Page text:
Fig2: Histopathological findings. A biopsy from the hyperpigmented induration on the right thigh showed increased basal pigmentation with pan-dermal sclerosis. Mild superficial and deep perivascular and perieccrine lymphocytic infiltrate was observed with some dilated dermal blood vessels and decreased adventitious fat surrounding sweat glands. (Hematoxylin and eosin, ×10 objective)
Mentions: Our patient, a 51-year-old Thai woman, presented with a 1-year history of progressively evolving skin pigmentation over her body, which had become accentuated over her trunk and extremities during the past few months. She also complained of appetite loss resulting in an unintentional weight loss of 8kg (17.6lbs) in 1 year, joint pain in her wrists and ankles, and bilateral hand swelling. Our patient also reported the presence of Raynaud’s phenomenon (RP) during the wintertime that had occurred about 5 years prior to the skin change of the hands. There were no other remarkable systemic symptoms. Our patient had been previously healthy and did not take any medications. There was no familial history of a similar skin condition or history of chemical exposure in this case. A physical examination revealed a generalized, reticulate hyperpigmentation and indurated erythematous plaques over her trunk and extremities. Additionally, there was sclerosis of her proximal fingers, sclerodactyly with pitted scars on some fingertips, and Raynaud’s phenomenon (Fig. 1a-c). Nailfold capillaroscopy was performed and showed few capillary loops dilatation without significant tortuosity. Telangiectasia and calcinosis cutis were absent in this patient. There was no evidence of additional systemic involvement. Laboratory investigations revealed normal white blood cell count, creatinine, electrolytes, fasting blood sugar, thyroid function, and liver function. An elevated erythrocyte sedimentation rate (ESR) of 40mm/hour (reference range 0–20mm/hour), a positive antinuclear antibody (ANA) titer of 1:640 (coarse-speckled pattern), and a positive rheumatoid factor (RF) >130IU/mL (reference range; <12.5IU/mL = negative, 12.5–20.5IU/mL = borderline, >20.5IU/mL = positive) were detected. Anti-centromere antibody (ACA), anti-topoisomerase I antibody (anti-Scl-70 Ab), anti-dsDNA antibody, anti-RNP antibody, anti-cardiolipin antibody (immunoglobulin G (IgG) and IgM), lupus anticoagulant, anti-β2-glycoprotein 1 antibody (anti-β2-GP1 Ab), and anti-cyclic citrullinated peptide antibody (anti-CCP Ab) tests revealed negative results. Urinalysis, chest X-ray, pulmonary function test, and upper gastrointestinal endoscopy results were normal. A skin biopsy specimen from her right calf corresponding to the hyperpigmented induration showed hyperpigmentation of basal keratinocytes and broad sclerotic collagen bundles involving full thickness of the dermis, replacing adventitious fat, and extending into the subcutis with mild septal thickening (Fig. 2). Some ectatic capillary blood vessels were found in the superficial and deep reticular dermis without evidence of vasculitis or vasculopathy. A superficial and deep perivascular infiltrate composed of lymphocytes, plasma cells, and some eosinophils was noted. Based upon the clinical combination of sclerodactyly with sclerosis of the proximal fingers, generalized reticulate hyperpigmentation, and histopathological finding of pan-dermal sclerosis, reticulate hyperpigmented systemic sclerosis was diagnosed.Fig. 1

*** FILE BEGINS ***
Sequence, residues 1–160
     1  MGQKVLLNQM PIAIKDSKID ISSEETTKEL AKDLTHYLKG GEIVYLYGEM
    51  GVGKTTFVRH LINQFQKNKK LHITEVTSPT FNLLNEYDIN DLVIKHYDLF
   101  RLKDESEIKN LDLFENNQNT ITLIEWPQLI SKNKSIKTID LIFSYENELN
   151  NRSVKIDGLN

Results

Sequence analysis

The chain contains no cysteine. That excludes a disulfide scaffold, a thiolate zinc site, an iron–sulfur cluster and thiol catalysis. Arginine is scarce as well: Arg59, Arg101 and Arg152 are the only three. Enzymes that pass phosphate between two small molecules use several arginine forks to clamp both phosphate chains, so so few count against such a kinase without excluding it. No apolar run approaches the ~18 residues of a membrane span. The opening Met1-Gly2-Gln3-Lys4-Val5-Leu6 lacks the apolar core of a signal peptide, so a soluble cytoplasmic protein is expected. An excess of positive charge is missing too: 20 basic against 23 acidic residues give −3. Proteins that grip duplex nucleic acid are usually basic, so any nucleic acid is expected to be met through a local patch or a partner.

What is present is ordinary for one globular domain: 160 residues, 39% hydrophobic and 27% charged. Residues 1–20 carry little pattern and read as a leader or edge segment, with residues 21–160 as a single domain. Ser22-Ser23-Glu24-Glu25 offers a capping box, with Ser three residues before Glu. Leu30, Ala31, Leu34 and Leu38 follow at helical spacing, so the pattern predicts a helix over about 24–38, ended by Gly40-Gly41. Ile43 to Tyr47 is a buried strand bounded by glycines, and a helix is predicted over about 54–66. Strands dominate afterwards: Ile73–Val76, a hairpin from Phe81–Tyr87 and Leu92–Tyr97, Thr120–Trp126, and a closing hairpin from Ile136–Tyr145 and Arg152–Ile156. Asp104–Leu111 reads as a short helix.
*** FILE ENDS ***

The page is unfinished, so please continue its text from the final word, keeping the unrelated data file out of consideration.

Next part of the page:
Bottom Line: We describe a previously healthy 51-year-old Thai woman who presented with a reticulate hyperpigmentation affecting her trunk and extremities, together with sclerodactyly and proximal sclerosis, resulting in a new diagnosis of systemic sclerosis.To date, the pathogenesis of reticulate hyperpigmentation in systemic sclerosis remains unclear.Increased melanin synthesis and altered thermoregulatory mechanism are proposed to be involved in the pathogenesis of this presentation.

View Article: PubMed Central - PubMed

Affiliation: Department of Dermatology, Faculty of Medicine Siriraj Hospital, Mahidol University, 2 Prannok Rd, Bangkoknoi, Bangkok, 10700, Thailand. drmch117@gmail.com.

ABSTRACT

Introduction: Systemic sclerosis is a systemic connective tissue disease with variable cutaneous presentations. Although pigmentary disturbances have been described in systemic sclerosis, a reticulate hyperpigmentation has only been reported in one case of systemic sclerosis to date.

Case presentation: We describe a previously healthy 51-year-old Thai woman who presented with a reticulate hyperpigmentation affecting her trunk and extremities, together with sclerodactyly and proximal sclerosis, resulting in a new diagnosis of systemic sclerosis.

Conclusions: To date, the pathogenesis of reticulate hyperpigmentation in systemic sclerosis remains unclear. Increased melanin synthesis and altered thermoregulatory mechanism are proposed to be involved in the pathogenesis of this presentation. This case represents an unusual cutaneous feature of reticulate hyperpigmentation in the setting of systemic sclerosis.

No MeSH data available.


Related in: MedlinePlus